API Commencement – Senior Speaker Speech

Diana Dao
May 2012

So, the moment when I found out I was going to be giving this speech was one of simultaneous honor and horror. Reminiscent of that feeling you get when Iris hugs you for the first time. Or maybe even every subsequent time.

There’s something in particular that I want to talk about today. It’s something I’ve been kind of obsessed with ever since puberty: Growth.

You know, there was this one summer in middle school, where I really, really wanted to get taller. So, I did all these crazy things. I drank milk every day. I hung from monkey bars. I tied weights to my legs. I raised the foot of my bed so when I slept, it’d undo the effects of gravity crushing me. Obviously, those things did not work. I eventually got to a point where I just accepted it. The fact that I was going to forever see things from a different perspective, literally. But you know, I guess I still always kind of had a complex about it. And it wasn’t really until very recently that I realized I’ve come to have a new working definition now of the word.

In the beginning, when I first came to college, it was really tough. I wasn’t that close to my sponsor group. Stacy, she was the cool Asian. I was the nerdy one. She was like Mulan and I was like Mushu. My friend Samuel and I, maybe you’ve heard of him; I think he sometimes goes by Spang. People used to call us the Wonder Twins. If you’re too young, too old, or too uncultured to know, they’re these two superhero twins. One can transform into animals and the other transforms into different states of water. I totally felt like the lamer twin. You know, like he’d be a saber-tooth tiger and I’d be a puddle of water. But I was lucky enough to find a community on campus. Not their community on campus. Ours. Here. And you know what? I realized that I may be a puddle of water, but you would be *dead* without water. That’s how freaking awesome I am.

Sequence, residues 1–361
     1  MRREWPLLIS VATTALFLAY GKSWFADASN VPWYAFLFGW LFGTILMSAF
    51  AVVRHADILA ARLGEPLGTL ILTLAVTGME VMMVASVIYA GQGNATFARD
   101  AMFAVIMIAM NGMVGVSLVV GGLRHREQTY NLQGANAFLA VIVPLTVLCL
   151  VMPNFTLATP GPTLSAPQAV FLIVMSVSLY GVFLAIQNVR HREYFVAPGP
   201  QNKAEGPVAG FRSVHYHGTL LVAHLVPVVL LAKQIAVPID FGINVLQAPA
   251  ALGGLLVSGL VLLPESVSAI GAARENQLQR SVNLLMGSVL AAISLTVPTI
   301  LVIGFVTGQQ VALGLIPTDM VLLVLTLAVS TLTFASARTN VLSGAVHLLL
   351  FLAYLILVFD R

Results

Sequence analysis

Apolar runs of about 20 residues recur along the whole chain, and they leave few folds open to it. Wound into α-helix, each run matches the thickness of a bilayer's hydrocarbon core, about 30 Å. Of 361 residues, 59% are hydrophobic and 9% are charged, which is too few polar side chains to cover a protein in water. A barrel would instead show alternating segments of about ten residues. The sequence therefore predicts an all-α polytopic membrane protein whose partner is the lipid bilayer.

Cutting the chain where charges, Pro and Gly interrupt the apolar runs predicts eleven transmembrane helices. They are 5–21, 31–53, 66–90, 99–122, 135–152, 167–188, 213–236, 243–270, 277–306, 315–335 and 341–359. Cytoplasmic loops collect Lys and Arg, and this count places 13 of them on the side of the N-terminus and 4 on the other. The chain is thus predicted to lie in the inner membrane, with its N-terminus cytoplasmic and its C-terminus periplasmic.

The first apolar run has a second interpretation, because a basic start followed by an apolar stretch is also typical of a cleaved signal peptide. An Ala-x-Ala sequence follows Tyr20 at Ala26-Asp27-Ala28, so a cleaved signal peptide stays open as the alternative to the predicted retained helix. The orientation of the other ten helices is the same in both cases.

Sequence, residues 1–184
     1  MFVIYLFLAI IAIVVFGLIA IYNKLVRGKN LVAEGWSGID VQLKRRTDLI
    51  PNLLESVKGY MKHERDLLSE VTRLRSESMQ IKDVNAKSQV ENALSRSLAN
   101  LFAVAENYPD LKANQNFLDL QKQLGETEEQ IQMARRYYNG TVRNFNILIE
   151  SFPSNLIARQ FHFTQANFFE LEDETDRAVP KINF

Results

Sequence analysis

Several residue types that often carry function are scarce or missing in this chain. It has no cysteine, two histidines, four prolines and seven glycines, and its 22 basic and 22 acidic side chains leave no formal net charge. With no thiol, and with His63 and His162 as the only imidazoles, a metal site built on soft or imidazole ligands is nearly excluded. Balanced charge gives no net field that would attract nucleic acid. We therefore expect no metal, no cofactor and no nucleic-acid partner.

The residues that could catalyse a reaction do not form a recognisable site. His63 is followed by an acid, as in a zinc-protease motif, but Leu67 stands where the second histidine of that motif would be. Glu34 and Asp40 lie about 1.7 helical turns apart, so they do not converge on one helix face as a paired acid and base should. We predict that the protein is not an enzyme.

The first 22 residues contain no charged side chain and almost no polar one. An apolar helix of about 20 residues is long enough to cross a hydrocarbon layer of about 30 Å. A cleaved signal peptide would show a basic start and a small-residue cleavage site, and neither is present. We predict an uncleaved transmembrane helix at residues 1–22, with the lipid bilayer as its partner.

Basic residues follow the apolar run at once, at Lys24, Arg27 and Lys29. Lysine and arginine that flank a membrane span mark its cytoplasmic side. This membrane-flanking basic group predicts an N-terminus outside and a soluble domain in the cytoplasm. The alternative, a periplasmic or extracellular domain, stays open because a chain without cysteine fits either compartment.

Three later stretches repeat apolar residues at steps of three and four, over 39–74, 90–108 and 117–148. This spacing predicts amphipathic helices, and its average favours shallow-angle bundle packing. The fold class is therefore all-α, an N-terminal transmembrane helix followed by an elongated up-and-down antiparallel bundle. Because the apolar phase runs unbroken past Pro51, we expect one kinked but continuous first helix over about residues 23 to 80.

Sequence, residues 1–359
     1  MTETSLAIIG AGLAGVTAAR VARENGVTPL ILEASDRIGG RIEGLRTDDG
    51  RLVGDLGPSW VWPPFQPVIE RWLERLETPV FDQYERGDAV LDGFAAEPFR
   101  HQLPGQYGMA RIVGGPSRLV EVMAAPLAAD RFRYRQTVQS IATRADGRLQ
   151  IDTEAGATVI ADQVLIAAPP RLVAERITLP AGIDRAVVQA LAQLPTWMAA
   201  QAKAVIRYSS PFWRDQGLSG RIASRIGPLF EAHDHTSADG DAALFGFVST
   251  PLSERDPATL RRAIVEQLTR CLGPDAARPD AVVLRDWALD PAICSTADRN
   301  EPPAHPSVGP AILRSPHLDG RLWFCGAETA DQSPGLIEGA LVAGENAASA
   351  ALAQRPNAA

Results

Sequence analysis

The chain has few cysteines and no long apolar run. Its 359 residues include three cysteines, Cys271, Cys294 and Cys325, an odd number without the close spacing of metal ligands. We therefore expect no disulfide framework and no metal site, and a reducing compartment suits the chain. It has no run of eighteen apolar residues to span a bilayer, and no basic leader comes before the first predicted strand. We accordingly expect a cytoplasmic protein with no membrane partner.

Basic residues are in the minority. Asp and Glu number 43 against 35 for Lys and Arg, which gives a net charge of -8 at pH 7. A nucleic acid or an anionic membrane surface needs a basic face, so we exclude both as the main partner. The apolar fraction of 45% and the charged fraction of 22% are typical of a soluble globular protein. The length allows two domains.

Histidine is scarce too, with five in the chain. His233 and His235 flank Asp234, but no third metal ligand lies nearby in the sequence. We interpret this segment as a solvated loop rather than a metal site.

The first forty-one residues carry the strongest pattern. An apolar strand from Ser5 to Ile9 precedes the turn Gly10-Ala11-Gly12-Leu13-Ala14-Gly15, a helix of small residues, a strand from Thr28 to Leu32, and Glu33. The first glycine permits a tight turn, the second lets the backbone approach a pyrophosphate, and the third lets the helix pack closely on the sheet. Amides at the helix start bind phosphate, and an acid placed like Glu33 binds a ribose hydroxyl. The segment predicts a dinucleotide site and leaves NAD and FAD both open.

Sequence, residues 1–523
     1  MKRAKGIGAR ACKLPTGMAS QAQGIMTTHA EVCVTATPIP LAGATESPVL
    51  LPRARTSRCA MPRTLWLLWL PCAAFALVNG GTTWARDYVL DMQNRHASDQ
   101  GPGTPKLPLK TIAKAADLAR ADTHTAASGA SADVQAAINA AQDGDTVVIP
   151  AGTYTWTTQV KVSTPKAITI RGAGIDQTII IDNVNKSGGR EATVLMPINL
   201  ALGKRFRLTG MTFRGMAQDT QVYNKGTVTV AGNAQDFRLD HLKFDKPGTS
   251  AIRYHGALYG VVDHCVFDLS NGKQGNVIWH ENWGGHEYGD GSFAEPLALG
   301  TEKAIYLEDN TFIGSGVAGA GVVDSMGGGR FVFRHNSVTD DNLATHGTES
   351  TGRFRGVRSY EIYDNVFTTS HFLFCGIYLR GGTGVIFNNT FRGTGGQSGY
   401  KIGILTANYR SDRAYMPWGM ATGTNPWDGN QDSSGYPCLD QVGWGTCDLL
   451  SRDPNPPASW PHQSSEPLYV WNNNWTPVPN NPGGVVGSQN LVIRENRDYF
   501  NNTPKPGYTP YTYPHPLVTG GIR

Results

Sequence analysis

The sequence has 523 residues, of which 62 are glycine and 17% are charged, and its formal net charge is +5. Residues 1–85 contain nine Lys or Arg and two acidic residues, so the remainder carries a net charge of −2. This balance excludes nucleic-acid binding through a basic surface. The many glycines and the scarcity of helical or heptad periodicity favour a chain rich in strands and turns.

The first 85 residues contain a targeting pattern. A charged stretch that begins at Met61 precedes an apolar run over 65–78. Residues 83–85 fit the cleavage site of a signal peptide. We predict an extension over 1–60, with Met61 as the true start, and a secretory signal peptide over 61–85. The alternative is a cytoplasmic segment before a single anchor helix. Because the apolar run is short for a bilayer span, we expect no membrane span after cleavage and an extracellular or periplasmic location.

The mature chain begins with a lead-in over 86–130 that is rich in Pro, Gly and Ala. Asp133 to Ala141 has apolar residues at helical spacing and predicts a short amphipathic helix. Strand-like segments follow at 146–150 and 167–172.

I’ve learned a lot of valuable lessons during my time here. Lessons that have contributed to my personal growth. Chronicled my journey from lame to awesome. I’m going to list a few for you. Pass on my wisdom.

1. Trying to be cool and having someone call me a “motherfucker” the first time we met. So humbling. Don’t front; just be real.
2. During the extended vigil, I set up this awesome mansion-tent for myself. It was the biggest tent filled with all the best blankets. It even had mood lighting to feel especially fancy. I was living it up. But when I had to sleep in a runt tent on the edge of the camp site with nothing but the love in my heart to keep me warm, I learned the importance of equal resource distribution. Sharing is caring.
3. Using the Spang-standard. You’re not late until he shows up before you. But it’s better to just be on time.
4. Sefa and Karin are not that busy. Sometimes, they’re just avoiding people. Everyone needs a break sometime.
5. Kavi, Karin’s baby son, is cute but he has a fickle heart. Be careful who you fall in love with.